My memoir, A Place to Land: A Story of Longing and Belonging, officially releases today!
Well, here we are.
After more than four years working on this project, today A Place to Land: A Story of Longing and Belonging officially releases into the world.
Writing this memoir wrung me out in all the best ways. It sanctified me and shaped me, and even if it never made it to publication, I’m so grateful for the way the Lord has used this whole experience in my life.
In many ways, I look at the finished product with mixed emotions. There is definitely a sense of gratitude to God for bringing it to completion, and for giving me the opportunity to steward this story to His glory. But I also feel a tinge of sadness, since I wouldn’t have this story if my mom were still alive.
Sometimes we don’t get to choose the circumstances we face in life, but we always have the opportunity to glorify God in the midst of them.
So this memoir is one small and feeble offering to the Lord, and today I give it over to Him to use as He sees fit.
I’ve been working on this book since 2013, but really, it’s been a lifetime coming. A lifetime spent trying to live someone else’s story.
I fought the tension of living as a child of divorce, being shuffled between homes. I fought the tension of living overseas, emotions being shuffled between continents.
I didn’t want words like divorce, cross-cultural missions, cancer, foreclosure, death, or grief to be part of my story.
Maybe you can relate?
If you’ve ever longed for something more or felt as if you didn’t belong, this book is for you.
In 2002, I boarded a plane from the U.S. to South Africa. My plan was to stay for five months. Instead, I came back over ten years later with a South African husband and three children.
Much of this particular story revolves around the theme of home. I share about my parents’ divorce when I was in elementary school, including various homes we lost for various reasons during my childhood. I write about my mom’s cancer journey and her eventual homegoing. While living in South Africa, I moved ten times in ten years.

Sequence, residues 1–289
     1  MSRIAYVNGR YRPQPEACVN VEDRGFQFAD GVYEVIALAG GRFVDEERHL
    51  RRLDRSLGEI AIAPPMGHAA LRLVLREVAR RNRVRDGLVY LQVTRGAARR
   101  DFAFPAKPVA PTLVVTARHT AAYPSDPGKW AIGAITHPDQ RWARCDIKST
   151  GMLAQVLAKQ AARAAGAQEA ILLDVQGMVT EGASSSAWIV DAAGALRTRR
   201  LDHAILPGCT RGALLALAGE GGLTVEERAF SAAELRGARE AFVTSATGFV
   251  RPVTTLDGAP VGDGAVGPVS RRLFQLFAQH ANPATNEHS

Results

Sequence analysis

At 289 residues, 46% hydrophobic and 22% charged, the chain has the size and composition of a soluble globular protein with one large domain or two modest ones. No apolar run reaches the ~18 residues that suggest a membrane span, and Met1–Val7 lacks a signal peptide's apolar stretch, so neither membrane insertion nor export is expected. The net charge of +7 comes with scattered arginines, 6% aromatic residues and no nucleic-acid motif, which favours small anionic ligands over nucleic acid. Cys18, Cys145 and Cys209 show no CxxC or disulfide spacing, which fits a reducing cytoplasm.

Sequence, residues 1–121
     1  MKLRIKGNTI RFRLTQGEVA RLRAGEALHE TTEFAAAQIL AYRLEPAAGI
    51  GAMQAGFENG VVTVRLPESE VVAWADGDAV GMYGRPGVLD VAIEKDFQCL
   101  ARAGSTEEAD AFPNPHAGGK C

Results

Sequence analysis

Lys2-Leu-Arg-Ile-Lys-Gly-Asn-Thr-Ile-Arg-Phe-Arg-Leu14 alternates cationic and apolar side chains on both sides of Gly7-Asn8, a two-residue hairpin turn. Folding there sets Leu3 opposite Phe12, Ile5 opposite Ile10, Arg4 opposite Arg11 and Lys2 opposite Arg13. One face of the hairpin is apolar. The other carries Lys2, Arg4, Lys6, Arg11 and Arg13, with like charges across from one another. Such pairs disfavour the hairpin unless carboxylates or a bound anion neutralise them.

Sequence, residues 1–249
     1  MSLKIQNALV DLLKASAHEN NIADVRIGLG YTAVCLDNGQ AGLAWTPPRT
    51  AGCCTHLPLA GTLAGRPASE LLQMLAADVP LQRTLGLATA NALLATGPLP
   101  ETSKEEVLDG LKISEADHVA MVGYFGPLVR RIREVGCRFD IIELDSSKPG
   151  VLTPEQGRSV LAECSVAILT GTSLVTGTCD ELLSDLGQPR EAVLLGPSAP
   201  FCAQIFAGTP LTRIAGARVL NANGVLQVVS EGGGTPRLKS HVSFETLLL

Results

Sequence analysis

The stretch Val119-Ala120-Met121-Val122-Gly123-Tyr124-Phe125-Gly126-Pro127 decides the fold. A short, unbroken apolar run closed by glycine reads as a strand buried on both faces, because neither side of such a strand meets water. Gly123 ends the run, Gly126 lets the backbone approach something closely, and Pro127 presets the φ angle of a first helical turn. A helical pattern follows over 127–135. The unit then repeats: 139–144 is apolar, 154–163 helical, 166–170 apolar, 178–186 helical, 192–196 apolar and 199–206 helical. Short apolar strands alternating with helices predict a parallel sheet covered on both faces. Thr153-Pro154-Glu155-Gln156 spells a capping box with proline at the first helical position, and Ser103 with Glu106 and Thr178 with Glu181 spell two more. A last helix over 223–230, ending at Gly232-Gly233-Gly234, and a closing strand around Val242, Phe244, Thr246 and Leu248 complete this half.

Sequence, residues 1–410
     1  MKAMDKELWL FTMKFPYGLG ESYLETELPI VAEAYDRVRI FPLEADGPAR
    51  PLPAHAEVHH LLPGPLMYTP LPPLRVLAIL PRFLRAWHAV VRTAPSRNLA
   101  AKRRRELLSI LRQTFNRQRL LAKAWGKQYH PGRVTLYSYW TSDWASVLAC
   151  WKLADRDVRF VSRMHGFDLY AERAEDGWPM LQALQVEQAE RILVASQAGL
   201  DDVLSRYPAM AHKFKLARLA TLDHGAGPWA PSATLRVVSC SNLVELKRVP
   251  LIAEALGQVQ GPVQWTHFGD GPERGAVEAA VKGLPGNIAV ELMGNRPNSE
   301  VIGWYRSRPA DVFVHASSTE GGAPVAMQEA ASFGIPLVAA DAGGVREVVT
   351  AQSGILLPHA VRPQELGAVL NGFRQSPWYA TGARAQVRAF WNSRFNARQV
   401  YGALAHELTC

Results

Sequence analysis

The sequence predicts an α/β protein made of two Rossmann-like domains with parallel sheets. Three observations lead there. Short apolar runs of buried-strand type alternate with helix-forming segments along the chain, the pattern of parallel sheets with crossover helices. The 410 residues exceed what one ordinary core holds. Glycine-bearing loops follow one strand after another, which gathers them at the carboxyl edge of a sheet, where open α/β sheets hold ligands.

This book details the tension I felt through much of my life as I continually wrestled with the question, “Where is my home?”
Here’s a brief excerpt from the final chapter detailing the Lord’s work in my heart after a lifetime of discontentment:
Then finally, I understood. This whole life is a rental. This whole body of mine is a borrowed house. And sometimes it’s a good thing to be discontent with where we are, because this is not it. It’s a good thing to feel like we’re not at home and to long for another, for permanence, for stability, because we’re not home yet. Having been washed by the astounding grace of the cross, praise God, my citizenship is in heaven (Phil. 3:20).
My story happens to include a decade in South Africa, but the fact is that each one of us in this room has a story to tell—maybe you have many stories to tell. God has given you your own unique story, and you have an opportunity to decide what you’re going to do with it.